Harold (Frederick Neumann) is a down on his luck man of an uncertain age. Once a career-minded executive, he is now apparently homeless. Edith (Ruth Maleczech), also long past youth, is slightly better off. She comes to the park bench where Harold is sleeping as a respite from her underfurnished, unvisited basement apartment. She demands that Harold "shove up " so she can sit next to him. She may no longer be slim or pretty, but she's still scrappy. Her determination to claim her share of the bench prevails and their unlikely and often fantastical love story begins. Because the Grim Reaper is lurking in the shadows the relationship stages that usually span years are compressed into a brief but intense roller coaster encounter. We see Edith and Harold get acquainted (both were politically left of center), unpack their considerable emotional baggage, have sex (possibly the first senior thespians brave enough to bare all onstage), engage in a knock-down, drag-down "War of the Roses" fight, and come together again.
The intermittently realistic and phantasmal scenes provide Malaczech and Neumann, for whom the play was written, with ample opportunity to display the skills honed during their long careers, most notably as actors and directors of the Mabou Mines. Ms. Malaczech is particularly fascinating to watch. Her red hair is as obviously artificial as the leafless tree (also a bright red) protruding from a sky blue scrim wall of Klara Zieglerova's imaginative set. Edith's hairdo and the clothes she wears fit into the era of her youth. Though it's hard to say if she was ever pretty, she conveys an aura of sexuality along with her feistiness. Neumann as the more melancholy Harold is a fine foil for the more aggressive, more fulfilled (at least in the past) Edith. Mr. Mee's script tips the scales to make her the star of the enterprise, gifting Edith with the more incisive and often hilarious lines. She recalls better times with "we lost a lot when we lost communism." When he responds to her talk of being in Paris during the 60s with "I had a job", she snaps back "I had a life!"
A third cast member, Jennifer Hall, bursts onto the stage through the door of a refrigerator, temporarily transforming Edith's apartment into a cafe where Hall is a waitress who browbeats Harold into eating a raspberry tart he doesn't want (one of many symbolic replays of regrets voiced during more realistic interchanges). Hall makes two more appearance as a symbol of lost youth and sexuality. But the most memorable of the play's several pop song tinged dream sequences stars the lovers moving from the basement apartment to a player piano on the second tier of the stage. Edith climbs on top of the piano to sing and dance "I Belong to You " and "Something's Got to Give" while a top-hatted Harold sits at the keyboard. Abetted by Christopher Akerlind 's superb lighting, they team up for a 'September Song" duet that makes a persuasive case for giving love a chance to blossom at any age. This scene, like others, seems to also consciously trigger images of familiar golden oldie films -- like The Echanted Cottage, in which two physically scarred people learn to see beauty where others see ugliness and hopelessess. When Edith and Harold share a repast of crackers with their arms comically intertwined, Now Voyager with its much satrized double cigarette scene comes to mind.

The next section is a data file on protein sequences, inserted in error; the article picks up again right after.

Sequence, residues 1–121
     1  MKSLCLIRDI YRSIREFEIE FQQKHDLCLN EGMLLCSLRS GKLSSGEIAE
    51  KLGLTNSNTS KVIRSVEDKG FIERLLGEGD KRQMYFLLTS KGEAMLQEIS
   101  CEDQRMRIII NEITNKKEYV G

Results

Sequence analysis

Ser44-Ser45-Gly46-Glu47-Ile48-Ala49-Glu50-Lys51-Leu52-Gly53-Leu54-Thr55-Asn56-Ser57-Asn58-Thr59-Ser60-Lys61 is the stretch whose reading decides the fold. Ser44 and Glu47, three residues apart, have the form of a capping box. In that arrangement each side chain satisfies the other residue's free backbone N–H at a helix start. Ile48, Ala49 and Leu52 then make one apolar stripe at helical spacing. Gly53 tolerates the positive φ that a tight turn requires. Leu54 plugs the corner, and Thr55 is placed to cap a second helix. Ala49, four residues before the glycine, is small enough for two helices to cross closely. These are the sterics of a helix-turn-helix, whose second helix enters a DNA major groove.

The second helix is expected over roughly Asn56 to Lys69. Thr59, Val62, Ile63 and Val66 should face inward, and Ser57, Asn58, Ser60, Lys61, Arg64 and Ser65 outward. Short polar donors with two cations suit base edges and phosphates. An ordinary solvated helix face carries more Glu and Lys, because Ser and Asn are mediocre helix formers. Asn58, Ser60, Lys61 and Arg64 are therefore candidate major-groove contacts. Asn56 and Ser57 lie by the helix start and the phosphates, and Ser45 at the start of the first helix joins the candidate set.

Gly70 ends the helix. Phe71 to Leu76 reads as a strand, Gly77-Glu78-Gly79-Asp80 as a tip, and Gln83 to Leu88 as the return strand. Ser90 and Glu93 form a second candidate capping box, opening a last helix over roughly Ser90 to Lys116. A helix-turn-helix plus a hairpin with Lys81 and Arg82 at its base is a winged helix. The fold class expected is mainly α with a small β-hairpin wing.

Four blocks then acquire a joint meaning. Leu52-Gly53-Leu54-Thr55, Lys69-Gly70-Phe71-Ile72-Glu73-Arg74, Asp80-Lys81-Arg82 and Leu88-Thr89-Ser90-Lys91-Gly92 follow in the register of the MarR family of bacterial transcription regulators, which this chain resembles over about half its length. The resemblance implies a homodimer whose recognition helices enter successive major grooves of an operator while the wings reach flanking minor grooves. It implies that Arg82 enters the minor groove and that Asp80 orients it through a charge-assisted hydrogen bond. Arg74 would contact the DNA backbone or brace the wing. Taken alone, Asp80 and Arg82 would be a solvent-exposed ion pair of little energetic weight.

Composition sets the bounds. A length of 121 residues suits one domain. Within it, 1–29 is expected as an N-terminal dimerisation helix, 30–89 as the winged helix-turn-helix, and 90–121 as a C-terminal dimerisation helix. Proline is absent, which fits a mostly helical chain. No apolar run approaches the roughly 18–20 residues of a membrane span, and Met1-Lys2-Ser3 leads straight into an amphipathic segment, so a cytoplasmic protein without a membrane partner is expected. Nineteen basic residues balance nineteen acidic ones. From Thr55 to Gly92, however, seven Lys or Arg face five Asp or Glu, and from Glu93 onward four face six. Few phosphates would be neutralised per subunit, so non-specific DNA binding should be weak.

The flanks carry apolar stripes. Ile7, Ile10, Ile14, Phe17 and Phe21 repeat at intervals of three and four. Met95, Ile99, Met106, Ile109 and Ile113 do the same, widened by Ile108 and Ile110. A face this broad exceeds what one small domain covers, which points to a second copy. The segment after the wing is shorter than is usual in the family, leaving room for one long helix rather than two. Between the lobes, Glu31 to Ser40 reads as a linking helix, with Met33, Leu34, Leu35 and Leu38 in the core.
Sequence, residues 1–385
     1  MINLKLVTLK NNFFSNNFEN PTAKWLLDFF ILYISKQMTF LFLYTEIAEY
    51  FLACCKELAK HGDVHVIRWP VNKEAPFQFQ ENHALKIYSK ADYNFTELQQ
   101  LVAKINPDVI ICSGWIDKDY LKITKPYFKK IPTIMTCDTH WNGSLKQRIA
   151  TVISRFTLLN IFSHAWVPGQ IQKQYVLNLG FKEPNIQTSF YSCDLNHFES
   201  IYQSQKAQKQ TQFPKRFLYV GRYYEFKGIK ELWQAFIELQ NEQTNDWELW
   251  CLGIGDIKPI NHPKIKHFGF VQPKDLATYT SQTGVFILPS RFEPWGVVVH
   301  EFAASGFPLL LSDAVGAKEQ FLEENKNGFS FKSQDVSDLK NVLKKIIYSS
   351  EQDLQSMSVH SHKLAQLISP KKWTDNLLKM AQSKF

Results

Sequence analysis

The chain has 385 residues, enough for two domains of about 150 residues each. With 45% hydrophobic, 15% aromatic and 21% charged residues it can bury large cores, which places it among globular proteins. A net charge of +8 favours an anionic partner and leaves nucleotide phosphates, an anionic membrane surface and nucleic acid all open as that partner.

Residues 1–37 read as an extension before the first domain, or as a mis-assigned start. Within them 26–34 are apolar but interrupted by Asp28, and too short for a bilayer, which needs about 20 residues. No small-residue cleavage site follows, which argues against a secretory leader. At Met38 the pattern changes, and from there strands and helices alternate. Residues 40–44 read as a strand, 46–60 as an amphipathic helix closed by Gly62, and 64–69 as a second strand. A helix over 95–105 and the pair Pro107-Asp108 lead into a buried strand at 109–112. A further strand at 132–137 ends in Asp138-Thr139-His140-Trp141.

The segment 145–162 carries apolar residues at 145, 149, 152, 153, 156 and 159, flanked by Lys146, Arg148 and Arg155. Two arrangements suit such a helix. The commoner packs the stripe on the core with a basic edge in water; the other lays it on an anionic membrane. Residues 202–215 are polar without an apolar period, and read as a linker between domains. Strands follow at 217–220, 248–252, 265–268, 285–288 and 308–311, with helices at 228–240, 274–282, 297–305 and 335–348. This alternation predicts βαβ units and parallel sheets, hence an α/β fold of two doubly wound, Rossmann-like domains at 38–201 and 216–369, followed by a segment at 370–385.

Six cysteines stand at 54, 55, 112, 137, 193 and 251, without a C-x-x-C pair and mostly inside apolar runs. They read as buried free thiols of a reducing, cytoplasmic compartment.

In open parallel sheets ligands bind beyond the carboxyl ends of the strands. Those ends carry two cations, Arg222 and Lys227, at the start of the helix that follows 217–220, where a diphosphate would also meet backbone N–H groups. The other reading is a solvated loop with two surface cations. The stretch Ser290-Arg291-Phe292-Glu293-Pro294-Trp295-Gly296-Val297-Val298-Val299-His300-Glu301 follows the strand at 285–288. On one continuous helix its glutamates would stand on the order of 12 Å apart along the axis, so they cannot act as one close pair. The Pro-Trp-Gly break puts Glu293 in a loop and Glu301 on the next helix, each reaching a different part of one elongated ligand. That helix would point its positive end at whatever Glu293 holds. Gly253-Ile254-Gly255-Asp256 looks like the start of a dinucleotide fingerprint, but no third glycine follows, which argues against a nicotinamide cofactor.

Director Erin Mee (the playwright's daughter) has added many effective touches to blend the real with the imagined. She keeps the first hour of the ninety-minute intermissionless play moving along at a crisp tempo. However, by the time we get to the last third and, even with these fascinating oddall lovers, the play has trouble maintaining its momentum. The symbolism is too obvious and the end predictable and somewhat anti-climactic. Such caveats notwithstanding, Maleczech's and Neumann's brave performances and Mr. Mee's writing make for a worthwhile and compelling opening production in a most promising season at the always innovative New York Theatre Workshop (Director Karin Coonrod's stage adaptation of three Flannery O'Connor short stories under the umbrella title Everything That Rises Must Converge to be followed by Tony Kushner's new play, Homebody/Kabul, and Caryl Churchill's latest Far Away,).
As for Mr. Mee, you can expect to see him expounding his theories on love with two other plays -- Big Love, a Goodman Theatre production from Chicago, will be part of the Next Wave Festival at the Brooklyn Academy of Music; and, if you prefer his work that takes off on the classics, there's True Love, based on Euripides' Hippolytus and Racine's Phèdre coming to a the new Zipper Theater on West 37th Street. Clearly this is one golden aged writer who has little time to take naps on park benches.